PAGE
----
Abstract

E-Learning has become a common way to teach and learn. The number of technologies for a variety of educational purposes is already quite high and constantly rising. Scientific experiments and studies increasingly confirm the usefulness of various technologies for teaching purposes. Nevertheless, there is still a lack of formal training and support of digital skills within faculty training. Studies that report the potential of E-Learning are matched by those reporting the barriers. Universities throughout Europe have now established Learning Management Systems (LMS); instead of using these to their full potential, lecturers often just upload their syllabus and some reading material. At the same time, higher education institutions all over Europe are expected to implement innovative technologies and scenarios such as Open Educational Resources (OER) or Massive Open Online Courses (MOOCs), but only a small number of universities actually do so. What are the reasons for not utilizing the pedagogic potentials of E-Learning? What findings does the current research provide on this topic? Which barriers can be derived from studies and what can be done to avoid them? What are the individual barriers of one institution or university? This contribution summarizes barriers that were identified in recent studies and discusses possible solutions to finding connections between barriers to mitigate the negative effects. It also describes a data collection method (group concept mapping) suitable for identifying the individual barriers at an institution or university using a study in the European ERASMUS+ project AduLeT (Advanced Use of Technologies in Higher Education) as an example.
Original languageEnglish
Pages (from-to)17-22
Number of pages6
JournalInternational Journal of Advanced Corporate Learning
Volume11
Issue number1
DOIs
Publication statusPublished - 2018

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learning
university
data collection method
syllabus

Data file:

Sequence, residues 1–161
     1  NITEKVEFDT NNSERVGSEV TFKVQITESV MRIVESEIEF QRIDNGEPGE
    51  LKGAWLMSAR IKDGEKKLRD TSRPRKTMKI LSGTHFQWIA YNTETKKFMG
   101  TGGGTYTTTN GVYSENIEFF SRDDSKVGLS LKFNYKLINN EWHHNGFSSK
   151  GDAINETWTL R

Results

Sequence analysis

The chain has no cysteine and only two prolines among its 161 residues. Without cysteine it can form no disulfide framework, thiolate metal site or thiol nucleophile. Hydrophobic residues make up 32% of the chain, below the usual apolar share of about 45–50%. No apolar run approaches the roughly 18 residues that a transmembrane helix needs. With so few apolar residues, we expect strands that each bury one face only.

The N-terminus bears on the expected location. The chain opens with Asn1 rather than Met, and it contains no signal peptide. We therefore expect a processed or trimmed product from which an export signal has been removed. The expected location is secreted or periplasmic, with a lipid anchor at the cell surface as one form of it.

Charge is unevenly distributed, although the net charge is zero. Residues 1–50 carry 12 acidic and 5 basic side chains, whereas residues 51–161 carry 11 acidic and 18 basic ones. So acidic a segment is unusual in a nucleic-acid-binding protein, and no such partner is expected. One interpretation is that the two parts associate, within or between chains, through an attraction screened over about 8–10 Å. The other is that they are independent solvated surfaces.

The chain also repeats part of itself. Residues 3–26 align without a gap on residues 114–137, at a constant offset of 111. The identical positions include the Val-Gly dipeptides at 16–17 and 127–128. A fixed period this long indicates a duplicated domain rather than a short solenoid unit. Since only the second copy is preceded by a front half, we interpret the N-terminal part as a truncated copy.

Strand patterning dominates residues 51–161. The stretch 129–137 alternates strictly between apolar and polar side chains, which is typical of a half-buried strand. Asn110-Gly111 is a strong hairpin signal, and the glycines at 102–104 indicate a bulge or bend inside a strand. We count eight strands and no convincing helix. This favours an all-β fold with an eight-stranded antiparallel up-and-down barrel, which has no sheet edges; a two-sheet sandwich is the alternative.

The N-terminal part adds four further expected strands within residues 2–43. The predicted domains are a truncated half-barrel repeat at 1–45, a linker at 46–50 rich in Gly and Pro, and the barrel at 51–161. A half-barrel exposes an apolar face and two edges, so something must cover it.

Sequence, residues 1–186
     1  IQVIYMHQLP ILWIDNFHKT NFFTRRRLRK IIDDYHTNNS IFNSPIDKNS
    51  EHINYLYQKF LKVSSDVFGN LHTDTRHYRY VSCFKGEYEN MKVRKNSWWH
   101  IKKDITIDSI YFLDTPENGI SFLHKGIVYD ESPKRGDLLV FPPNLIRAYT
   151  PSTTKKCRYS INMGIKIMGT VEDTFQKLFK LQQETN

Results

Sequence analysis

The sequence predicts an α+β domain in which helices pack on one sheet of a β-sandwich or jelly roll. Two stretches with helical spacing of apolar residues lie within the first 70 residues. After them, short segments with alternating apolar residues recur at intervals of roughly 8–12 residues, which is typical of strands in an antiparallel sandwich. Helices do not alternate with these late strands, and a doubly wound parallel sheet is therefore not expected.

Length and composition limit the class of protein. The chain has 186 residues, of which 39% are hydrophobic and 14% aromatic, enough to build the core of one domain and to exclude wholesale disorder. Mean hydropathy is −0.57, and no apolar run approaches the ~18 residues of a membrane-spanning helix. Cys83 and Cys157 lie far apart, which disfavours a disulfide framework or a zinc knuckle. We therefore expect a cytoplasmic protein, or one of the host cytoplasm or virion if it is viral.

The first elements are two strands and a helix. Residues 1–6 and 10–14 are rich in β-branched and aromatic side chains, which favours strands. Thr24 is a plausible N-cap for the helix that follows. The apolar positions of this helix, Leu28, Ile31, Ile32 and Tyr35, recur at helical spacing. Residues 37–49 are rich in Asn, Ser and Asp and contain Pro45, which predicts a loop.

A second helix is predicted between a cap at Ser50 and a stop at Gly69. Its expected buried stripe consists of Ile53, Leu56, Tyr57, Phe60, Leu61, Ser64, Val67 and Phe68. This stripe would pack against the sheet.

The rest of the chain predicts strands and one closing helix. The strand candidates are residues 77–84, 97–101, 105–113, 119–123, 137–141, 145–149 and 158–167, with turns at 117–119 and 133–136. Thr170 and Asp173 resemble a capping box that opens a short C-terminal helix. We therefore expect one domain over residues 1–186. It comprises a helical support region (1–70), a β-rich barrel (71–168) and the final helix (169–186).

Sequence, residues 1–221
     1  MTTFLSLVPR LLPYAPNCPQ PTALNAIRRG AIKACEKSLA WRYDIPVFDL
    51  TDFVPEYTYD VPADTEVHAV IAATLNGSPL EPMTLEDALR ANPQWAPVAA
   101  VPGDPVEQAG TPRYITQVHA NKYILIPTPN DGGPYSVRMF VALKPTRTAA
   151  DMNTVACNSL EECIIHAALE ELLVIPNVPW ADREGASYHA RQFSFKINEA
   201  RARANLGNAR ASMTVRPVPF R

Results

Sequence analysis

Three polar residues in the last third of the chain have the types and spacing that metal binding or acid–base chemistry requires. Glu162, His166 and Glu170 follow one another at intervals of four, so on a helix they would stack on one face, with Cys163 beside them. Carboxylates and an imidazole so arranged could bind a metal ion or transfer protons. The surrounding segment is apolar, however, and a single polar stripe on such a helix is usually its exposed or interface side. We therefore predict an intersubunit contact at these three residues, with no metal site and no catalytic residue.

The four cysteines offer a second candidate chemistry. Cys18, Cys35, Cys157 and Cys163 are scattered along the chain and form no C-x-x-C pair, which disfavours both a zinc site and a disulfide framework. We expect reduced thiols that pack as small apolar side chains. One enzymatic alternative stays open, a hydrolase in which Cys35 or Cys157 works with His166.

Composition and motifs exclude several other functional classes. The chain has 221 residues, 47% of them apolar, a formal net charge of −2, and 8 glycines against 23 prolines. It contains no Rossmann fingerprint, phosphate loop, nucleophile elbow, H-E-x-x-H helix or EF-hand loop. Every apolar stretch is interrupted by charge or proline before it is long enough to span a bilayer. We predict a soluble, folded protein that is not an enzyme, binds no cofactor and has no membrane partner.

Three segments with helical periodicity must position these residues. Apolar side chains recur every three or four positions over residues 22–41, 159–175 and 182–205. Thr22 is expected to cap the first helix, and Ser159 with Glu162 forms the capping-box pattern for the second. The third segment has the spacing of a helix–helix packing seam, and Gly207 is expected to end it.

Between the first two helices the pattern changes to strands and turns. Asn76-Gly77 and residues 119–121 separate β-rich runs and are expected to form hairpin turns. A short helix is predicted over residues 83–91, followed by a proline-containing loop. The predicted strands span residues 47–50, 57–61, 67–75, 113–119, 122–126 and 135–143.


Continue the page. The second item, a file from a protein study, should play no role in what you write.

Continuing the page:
pedagogics
education
university teacher
scenario
lack
experiment
Teaching
management
resources
Group

Keywords

  • E-Learning
  • Group Concept Mapping
  • Higher education
  • Barriers

Cite this

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title = "Barriers to using E-Learning in an Advanced Way",
abstract = "E-Learning has become a common way to teach and learn. The number of technologies for a variety of educational purposes is already quite high and constantly rising. Scientific experiments and studies increasingly confirm the usefulness of various technologies for teaching purposes. Nevertheless, there is still a lack of formal training and support of digital skills within faculty training. Studies that report the potential of E-Learning are matched by those reporting the barriers. Universities throughout Europe have now established Learning Management Systems (LMS); instead of using these to their full potential, lecturers often just upload their syllabus and some reading material. At the same time, higher education institutions all over Europe are expected to implement innovative technologies and scenarios such as Open Educational Resources (OER) or Massive Open Online Courses (MOOCs), but only a small number of universities actually do so. What are the reasons for not utilizing the pedagogic potentials of E-Learning? What findings does the current research provide on this topic? Which barriers can be derived from studies and what can be done to avoid them? What are the individual barriers of one institution or university? This contribution summarizes barriers that were identified in recent studies and discusses possible solutions to finding connections between barriers to mitigate the negative effects. It also describes a data collection method (group concept mapping) suitable for identifying the individual barriers at an institution or university using a study in the European ERASMUS+ project AduLeT (Advanced Use of Technologies in Higher Education) as an example.",
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Barriers to using E-Learning in an Advanced Way. / Jokiaho, Annika ; May, Birgit ; Specht, M.M.; Stoyanov, S.T.

In: International Journal of Advanced Corporate Learning, Vol. 11, No. 1, 2018, p. 17-22.

Research output: Contribution to journalArticleAcademicpeer-review

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